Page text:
ALBANY – Jenny Rivera was confirmed Monday by the full State Senate as a judge on the state’s highest court, a week after Senate Republicans raised concerns about her lack of judicial experience.

Rivera, a law professor at the City University of New York and a former senior civil rights lawyer in the Attorney General’s Office when now-Gov. Andrew M. Cuomo was the state’s chief lawyer, had her nomination approved by voice vote – meaning there is no record of who voted for or against her.

Rivera, 52, a Bronx resident who grew up in a public housing project on the Lower East Side of Manhattan, succeeds Carmen Beauchamp Ciparick on the Court of Appeals, one of the most influential state courts in the nation.

In a rare moment for a gubernatorial nominee to the high court, Rivera came under sharp questioning for nearly five hours by Republicans on the Senate Judiciary Committee last week. Eight of the committee’s Republicans ended up voting against her last week, with one – Sen. John J. Bonacic, of Mount Hope, the committee chairman – suggesting that Cuomo engaged in “social engineering” of the court by picking a Hispanic lawyer with less experience than other Hispanics who might have been considered.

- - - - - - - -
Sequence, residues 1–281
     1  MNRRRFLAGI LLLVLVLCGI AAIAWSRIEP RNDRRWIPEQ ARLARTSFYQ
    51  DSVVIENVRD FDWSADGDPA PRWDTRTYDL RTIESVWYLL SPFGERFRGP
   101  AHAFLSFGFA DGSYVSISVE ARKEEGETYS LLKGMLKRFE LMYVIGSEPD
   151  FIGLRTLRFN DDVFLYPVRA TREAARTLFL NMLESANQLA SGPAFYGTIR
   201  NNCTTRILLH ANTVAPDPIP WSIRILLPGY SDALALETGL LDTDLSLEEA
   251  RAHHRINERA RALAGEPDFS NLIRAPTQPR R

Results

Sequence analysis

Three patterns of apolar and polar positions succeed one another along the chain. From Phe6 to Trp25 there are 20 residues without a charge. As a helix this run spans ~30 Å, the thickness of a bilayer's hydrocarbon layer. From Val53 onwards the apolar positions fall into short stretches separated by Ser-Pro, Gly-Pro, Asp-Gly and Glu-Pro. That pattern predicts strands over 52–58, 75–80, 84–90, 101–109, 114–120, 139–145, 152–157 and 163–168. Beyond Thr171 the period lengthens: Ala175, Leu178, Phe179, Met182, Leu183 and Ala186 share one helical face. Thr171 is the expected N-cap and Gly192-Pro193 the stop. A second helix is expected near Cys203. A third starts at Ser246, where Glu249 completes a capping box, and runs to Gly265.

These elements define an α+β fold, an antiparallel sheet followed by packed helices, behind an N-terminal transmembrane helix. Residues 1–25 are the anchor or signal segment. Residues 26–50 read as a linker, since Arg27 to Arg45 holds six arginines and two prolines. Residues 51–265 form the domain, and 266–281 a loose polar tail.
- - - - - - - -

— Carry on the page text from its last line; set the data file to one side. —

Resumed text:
With Rivera on the court, “justice will be served,” Senate co-leader Jeffrey D. Klein, D-Bronx, told his colleagues on the Senate floor. She will serve for at least 14 years.

But Bonacic said that while he has voted for all eight members of the Court of Appeals who have come before the Senate since he was elected to the chamber in 1998, he could not vote for Rivera on Monday.

“I have concerns … that she will be prone to judicial activism,” Bonacic said.

He said Cuomo asked lawmakers “to make a leap” that someone with no judicial experience and who has spent most of her life teaching law should go on the state’s top court. He noted that Cuomo passed over three judges in the state’s Appellate Division – including a Hispanic – to pick Rivera from the names on a judicial screening list for the opening on the court.

Supporters cited a list of names of lawyers named to the state’s highest court or the U.S. Supreme Court without judicial experience.

Cuomo defended his selection to the court, saying her varied background in public service and civil rights will produce a “richer discussion” on the high court. “What she brings to that court, frankly, no one there has,” Cuomo said Monday. He added, “Judge Rivera spent a life working on real-life problems and situations that the people of this state face.”

In a brief appearance before reporters, Rivera sought to allay concerns by some GOP senators that her legal writings suggest she will be an activist judge more intent on writing laws than interpreting them. “I will take every case based on the rule of law,” she said.